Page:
January is Glaucoma Awareness Month! Glaucoma is the term given to a group of eye diseases that result in progressive damage to the optic nerve. The optic nerve is responsible for collecting visual information from the entire retina and transmitting it to the brain. Optic nerve damage due to glaucoma is irreversible, and can lead to permanent vision loss. Because there are very few symptoms in the early stages of the disease, glaucoma is oftentimes referred to as the “silent eye disease.” This dangerous disease has the potential to cause blindness, but with regular eye examinations and proper care, glaucoma can usually be well controlled and managed before significant vision loss occurs.
The most common type of glaucoma, Primary Open Angle Glaucoma, is caused by an increase in the fluid pressure within the eye. The fluid inside the eye, which is responsible for circulating nutrients, normally leaves the eye through an intricate drainage system. In glaucoma, there is an overproduction of this fluid, or an inadequate amount of fluid drainage, leading to a rise in intraocular pressure. When the pressure in the eye is too high, compressive damage to the optic nerve can occur. In Primary Open Angle Glaucoma, the exact cause of the elevated intraocular pressure is not understood. In other forms of glaucoma, such as Traumatic or Inflammatory Glaucoma, there is a direct cause for dysfunction of the fluid system and the increase in intraocular pressure.
Prolonged increased intraocular pressure permanently damages the optic nerve, resulting in subtle visual changes. In glaucoma, this optic nerve damage can result in visual field loss, meaning small areas of vision can start to go missing. It is difficult for those with glaucoma to notice this irreversible vision loss until significant damage has occurred. Because there are no obvious visual changes from early or mild glaucoma, it is important to receive regular eye examinations so the disease can be detected early. The optometrist can diagnose glaucoma by in-depth clinical evaluation of the optic nerve and additional supplementary testing. Tests like tonometry, which measure the intraocular pressure, a visual field test, which evaluates peripheral vision, or an optical coherence tomography (OCT), which provides detailed structural information about the retina and optic nerve, are important tools the optometrist uses to diagnose and monitor glaucoma.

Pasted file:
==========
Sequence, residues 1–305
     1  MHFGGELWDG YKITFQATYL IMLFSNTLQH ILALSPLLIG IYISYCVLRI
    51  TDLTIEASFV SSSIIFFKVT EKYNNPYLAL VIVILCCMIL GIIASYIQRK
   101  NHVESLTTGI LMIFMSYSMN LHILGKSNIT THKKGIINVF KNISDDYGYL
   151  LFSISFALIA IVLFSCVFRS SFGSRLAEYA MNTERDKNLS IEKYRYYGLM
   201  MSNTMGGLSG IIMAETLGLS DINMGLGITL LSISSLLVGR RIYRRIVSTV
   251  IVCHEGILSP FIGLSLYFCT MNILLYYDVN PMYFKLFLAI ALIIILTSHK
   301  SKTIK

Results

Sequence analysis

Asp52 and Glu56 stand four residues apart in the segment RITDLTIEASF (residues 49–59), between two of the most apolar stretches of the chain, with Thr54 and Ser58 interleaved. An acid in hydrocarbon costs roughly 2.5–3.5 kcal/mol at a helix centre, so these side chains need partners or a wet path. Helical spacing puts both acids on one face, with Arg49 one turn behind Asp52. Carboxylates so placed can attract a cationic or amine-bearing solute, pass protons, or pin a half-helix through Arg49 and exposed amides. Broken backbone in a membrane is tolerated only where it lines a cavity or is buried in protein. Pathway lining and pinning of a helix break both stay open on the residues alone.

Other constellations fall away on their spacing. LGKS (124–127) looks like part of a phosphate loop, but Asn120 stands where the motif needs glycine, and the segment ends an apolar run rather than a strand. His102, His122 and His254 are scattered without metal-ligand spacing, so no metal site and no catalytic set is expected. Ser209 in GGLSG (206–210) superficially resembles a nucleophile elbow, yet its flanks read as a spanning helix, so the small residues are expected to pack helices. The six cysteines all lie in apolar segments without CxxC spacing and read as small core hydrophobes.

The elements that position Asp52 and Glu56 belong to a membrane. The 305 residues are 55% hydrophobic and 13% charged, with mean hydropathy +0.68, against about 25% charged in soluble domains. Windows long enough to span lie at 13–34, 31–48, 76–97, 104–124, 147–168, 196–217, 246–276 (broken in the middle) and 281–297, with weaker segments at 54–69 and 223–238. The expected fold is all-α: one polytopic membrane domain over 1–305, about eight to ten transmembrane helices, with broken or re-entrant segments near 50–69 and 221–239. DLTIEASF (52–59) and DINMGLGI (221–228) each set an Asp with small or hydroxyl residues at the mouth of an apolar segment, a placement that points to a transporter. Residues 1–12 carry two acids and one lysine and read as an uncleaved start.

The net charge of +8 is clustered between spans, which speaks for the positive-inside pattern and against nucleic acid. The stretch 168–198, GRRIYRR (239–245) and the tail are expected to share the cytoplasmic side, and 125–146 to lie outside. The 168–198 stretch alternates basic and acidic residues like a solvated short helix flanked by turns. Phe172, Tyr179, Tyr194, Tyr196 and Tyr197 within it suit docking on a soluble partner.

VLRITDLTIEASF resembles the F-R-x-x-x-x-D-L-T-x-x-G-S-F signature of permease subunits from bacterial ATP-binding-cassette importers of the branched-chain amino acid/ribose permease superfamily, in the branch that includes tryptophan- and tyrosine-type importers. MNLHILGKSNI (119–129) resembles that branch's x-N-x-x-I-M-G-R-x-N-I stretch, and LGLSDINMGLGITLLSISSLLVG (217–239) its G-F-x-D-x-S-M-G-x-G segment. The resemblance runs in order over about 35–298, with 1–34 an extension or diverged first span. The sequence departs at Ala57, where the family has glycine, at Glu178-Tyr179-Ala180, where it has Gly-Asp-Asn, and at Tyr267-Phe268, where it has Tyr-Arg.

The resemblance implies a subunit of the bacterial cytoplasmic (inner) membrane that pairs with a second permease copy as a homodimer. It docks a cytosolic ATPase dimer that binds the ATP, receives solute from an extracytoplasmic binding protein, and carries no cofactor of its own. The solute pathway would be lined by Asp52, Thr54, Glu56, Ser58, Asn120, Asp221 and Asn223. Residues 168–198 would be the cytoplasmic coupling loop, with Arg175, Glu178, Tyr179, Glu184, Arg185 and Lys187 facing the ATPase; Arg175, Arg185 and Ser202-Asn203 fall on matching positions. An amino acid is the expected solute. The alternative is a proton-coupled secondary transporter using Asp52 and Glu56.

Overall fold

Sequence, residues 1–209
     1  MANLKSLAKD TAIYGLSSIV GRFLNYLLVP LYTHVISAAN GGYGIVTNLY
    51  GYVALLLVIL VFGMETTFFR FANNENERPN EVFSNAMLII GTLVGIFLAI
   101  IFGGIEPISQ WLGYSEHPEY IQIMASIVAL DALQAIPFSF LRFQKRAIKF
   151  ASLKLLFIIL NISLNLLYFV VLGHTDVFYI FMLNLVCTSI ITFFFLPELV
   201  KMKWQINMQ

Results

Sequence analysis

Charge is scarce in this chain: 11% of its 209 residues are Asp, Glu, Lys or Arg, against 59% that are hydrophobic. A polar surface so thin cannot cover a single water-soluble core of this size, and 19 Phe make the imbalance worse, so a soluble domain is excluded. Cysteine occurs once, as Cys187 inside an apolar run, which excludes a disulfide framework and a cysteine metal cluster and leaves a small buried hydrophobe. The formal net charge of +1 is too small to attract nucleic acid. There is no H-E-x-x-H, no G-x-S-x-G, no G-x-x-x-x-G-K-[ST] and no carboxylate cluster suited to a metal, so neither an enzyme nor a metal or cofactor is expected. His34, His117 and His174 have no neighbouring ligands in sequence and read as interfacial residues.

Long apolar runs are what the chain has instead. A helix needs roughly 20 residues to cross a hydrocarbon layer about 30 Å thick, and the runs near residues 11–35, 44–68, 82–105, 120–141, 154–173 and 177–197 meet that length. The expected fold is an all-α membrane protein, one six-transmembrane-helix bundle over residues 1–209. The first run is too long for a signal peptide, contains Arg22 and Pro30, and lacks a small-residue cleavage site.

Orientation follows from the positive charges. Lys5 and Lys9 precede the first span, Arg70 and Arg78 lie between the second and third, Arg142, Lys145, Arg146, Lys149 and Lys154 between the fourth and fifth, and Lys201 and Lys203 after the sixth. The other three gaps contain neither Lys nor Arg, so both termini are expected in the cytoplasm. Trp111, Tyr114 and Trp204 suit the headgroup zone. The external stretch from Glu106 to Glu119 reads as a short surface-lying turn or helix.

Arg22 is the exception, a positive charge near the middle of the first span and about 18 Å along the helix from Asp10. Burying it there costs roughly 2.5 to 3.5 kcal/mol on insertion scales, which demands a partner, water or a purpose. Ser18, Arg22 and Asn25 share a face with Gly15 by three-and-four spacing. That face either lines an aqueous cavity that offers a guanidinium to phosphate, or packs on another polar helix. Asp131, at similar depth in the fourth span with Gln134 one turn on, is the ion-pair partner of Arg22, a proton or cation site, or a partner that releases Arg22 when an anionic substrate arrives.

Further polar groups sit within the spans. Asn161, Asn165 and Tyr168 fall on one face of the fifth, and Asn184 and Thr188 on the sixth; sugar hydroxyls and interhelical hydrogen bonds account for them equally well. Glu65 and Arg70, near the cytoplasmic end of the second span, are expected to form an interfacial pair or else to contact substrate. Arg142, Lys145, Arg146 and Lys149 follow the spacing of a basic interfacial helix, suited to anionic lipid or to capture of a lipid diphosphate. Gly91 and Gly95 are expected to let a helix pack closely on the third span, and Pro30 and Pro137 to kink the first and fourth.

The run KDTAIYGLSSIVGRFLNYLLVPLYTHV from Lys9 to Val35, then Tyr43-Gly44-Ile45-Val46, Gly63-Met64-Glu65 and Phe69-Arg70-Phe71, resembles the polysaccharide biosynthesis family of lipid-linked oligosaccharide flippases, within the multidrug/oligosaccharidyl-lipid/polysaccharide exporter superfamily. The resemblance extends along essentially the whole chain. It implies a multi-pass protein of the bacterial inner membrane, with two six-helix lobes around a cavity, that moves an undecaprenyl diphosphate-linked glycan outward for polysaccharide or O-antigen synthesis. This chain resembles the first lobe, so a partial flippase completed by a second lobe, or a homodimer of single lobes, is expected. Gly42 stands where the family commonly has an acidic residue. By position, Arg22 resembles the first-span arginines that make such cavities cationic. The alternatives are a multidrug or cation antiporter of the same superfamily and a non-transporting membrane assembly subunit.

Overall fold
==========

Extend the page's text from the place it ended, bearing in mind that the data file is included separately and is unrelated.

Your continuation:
Glaucoma has the potential to be a blinding disease, which means early detection, proper treatment, and appropriate follow-up care are necessary for a better chance of healthy vision. The first line of treatment for glaucoma is medicated eye drops that work to lower the pressure inside the eye and prevent future optic nerve damage. The number of drops required to adequately treat the disease can depend on the severity of glaucoma at the time of diagnosis and the rate of progression. If therapeutic drops are contraindicated or ineffective, surgical intervention may be necessary to lower eye pressure and prevent glaucomatous damage from occurring.
Treating glaucoma and protecting vision is a long-term commitment. The doctor may require several follow-up visits a year in order to protect vision, and additional testing is frequently required. Luckily, most insurance companies will cover the necessary care for those with glaucoma.